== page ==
Diving in at the deep end
A team of specialist divers - working in a cramped, water-filled tunnel 20 metres beneath the surface of a reservoir in Lancashire - has just completed a challenging project to install an eccentric plug valve to control water flow.
The valve and associated equipment was supplied to United Utilities by Viking Johnson (www.vikingjohnson.com), a world leader in the supply of pipe joints and repair and flow control products. Viking Johnson is part of Crane Building Services & Utilities (www.cranebsu.com). The valve has been installed at the end of a tunnel that runs beneath the dam holding back 332,000 cubic metres of water in the Grizedale Reservoir, near Oakenclough, in Lancashire.
The reservoir was built in 1866 by forming a 22 metre high, 120 metre long earth
embankment across the valley of Grizedale Brook to act as the wall of the dam.
A tunnel – 1.8 metres wide and 1.7 metres high – beneath the dam takes water from the reservoir to a pump house from where it is pumped up to the nearby Barnacre North Reservoir before it flows under gravity to the treatment works at Franklaw.
A gate valve sited near the outlet has for many years controlled water flow through the tunnel.
Recent inspections showed that the valve was no longer adequate. In order to improve operational control of the water flow without reducing the water level in the reservoir or potentially polluting the downstream watercourse it was decided to install a secondary valve.
Viking Johnson was selected to supply this replacement valve which, rather than being of a gate design, is of the ‘eccentric plug’ type. This will provide United Utilities with the ability to not only isolate but also control the flow when transferring water to Barnacre.
The eccentric plug valve requires only a one quarter turn of the shaft between its fully open and fully closed positions, making it relatively easy to automate its operation for submerged duty. In addition to the valve Viking Johnson has provided a total solution including the bespoke actuation system, a specially-designed hydraulic power pack and an emergency hand pump facility for the hydraulic system which permits the valve to be operated in the event of electrical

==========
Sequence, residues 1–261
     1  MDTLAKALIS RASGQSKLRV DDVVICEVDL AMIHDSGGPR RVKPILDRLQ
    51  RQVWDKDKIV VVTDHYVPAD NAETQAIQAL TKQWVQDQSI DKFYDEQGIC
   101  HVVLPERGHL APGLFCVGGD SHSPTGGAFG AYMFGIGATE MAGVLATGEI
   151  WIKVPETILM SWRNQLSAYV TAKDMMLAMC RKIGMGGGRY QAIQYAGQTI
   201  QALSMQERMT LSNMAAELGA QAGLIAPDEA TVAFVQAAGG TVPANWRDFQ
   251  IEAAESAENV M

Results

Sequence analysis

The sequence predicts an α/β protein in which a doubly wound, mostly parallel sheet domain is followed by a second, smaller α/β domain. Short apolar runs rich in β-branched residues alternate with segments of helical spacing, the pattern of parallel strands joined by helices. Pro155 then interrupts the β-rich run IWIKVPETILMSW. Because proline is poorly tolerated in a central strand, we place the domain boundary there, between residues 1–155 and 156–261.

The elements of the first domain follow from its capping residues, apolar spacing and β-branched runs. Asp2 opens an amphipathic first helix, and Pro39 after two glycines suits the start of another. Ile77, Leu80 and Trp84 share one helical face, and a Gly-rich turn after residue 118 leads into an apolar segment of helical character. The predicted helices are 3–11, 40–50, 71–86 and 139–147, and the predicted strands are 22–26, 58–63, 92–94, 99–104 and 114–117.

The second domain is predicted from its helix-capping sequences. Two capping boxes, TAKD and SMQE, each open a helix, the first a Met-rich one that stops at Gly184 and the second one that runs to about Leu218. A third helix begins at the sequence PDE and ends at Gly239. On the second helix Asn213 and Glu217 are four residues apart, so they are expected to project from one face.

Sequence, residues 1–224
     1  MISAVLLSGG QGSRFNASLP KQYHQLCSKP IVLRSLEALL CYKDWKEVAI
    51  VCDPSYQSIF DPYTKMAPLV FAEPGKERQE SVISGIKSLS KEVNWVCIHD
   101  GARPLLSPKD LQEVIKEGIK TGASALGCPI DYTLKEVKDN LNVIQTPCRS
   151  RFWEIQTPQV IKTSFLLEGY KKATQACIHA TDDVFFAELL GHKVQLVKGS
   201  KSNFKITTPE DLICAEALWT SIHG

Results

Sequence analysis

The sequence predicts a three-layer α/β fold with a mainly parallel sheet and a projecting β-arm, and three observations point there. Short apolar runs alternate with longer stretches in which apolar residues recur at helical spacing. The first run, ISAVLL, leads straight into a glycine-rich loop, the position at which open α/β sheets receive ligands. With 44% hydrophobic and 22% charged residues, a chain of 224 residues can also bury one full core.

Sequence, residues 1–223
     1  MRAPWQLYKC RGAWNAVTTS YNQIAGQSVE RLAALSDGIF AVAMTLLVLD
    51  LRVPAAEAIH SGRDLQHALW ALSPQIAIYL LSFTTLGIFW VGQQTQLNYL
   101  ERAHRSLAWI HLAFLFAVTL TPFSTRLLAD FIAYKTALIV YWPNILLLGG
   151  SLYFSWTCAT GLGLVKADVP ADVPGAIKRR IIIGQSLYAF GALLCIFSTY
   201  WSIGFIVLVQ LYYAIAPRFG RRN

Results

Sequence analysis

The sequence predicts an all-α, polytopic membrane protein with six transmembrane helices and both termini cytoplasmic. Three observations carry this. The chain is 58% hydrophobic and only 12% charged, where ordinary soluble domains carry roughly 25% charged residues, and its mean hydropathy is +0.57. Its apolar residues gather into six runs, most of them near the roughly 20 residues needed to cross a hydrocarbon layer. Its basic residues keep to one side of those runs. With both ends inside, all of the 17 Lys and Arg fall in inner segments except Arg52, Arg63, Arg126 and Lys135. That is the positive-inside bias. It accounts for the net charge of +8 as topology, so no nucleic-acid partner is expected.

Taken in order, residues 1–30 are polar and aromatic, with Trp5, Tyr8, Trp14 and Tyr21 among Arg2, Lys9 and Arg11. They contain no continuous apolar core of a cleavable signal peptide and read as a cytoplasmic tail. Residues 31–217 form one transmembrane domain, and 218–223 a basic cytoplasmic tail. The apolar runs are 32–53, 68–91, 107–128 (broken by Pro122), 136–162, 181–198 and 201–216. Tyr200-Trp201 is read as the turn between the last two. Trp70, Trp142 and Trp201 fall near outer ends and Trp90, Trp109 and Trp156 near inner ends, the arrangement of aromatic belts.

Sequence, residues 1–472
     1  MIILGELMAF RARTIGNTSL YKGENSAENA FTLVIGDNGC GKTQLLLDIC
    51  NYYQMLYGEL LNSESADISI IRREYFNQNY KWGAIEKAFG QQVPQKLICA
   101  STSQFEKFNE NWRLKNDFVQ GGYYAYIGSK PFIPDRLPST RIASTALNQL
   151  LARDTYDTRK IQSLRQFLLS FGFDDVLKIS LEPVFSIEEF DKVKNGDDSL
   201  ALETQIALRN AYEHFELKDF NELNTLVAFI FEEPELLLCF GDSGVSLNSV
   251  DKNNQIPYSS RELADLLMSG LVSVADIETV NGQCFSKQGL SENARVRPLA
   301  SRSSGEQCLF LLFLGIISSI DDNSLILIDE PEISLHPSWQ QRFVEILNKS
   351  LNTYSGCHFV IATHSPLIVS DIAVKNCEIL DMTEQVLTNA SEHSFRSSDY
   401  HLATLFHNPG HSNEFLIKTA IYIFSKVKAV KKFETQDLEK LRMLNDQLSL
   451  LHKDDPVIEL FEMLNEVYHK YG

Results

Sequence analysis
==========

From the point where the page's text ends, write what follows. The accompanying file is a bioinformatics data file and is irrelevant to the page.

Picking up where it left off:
supply failure. The system includes almost 400 metres of high specification stainless steel braided hydraulic hose lines running between the valve and the pump house.
A team of ten divers winched the valve and actuator, weighing almost three quarters of a tonne, along the tunnel on a specially designed trolley. Viking Johnson provided the diving company with a ‘dummy’ valve ahead of the
installation to permit the divers to practise manoeuvring it in controlled conditions within a training facility. On site at Grizedale the divers used a decompression chamber housed on a floating pontoon above the submerged tunnel entrance, 20 metres beneath the surface, to permit them to work for up to 70 minutes at a time.
The 450 mm bore Viking Johnson eccentric plug valve is designed to give reliable service for many years in this almost inaccessible location.
Manufactured in cast iron using high pressure moulding techniques the valve incorporates a nickel welded seat for corrosion resistance, specially profiled for low torque and extended valve life. The valve is trunnion-supported and encapsulated in elastomeric polymer with a valve body internally and externally lined with epoxy.
The eccentric plug design ensures that the ductile iron plug – fitted on permanently lubricated austenitic stainless steel bearings – rotates away from the seat as soon as movement begins, avoiding scuffing so extending the operational life of the valve.
Graham Biggs, business development manager for Viking Johnson, said: “This unique and complex project has required close coordination with specialist companies and personnel including Eric Wright Civil Engineering, Shakespeare Engineering Supplies, Rotork Fluid Systems, Consortium Underwater Engineers Ltd, Red 7 Marine diving contractors and MWH project consultants working alongside United Utilities capital maintenance, site operations and project management teams.”
James Tresnan, United Utilities’ project manager, said: “Grizedale was a particularly challenging project. Installing a 450 mm diameter valve 50 metres along a 1.7 metre high brick arch tunnel should never be classed as straightforward. But when the tunnel is submerged 20 metres below water and the silt in it results in zero visibility for the divers, then the degree of difficulty is amplified tenfold.
“It was key that we worked with our contractors and suppliers from an early stage in the development of the scheme to ensure that we simplified the construction activities whilst at the same time achieving the required functionality. Viking Johnson was part of the strong team that was developed on this project and worked with us to assist in the successful delivery of the scheme.”
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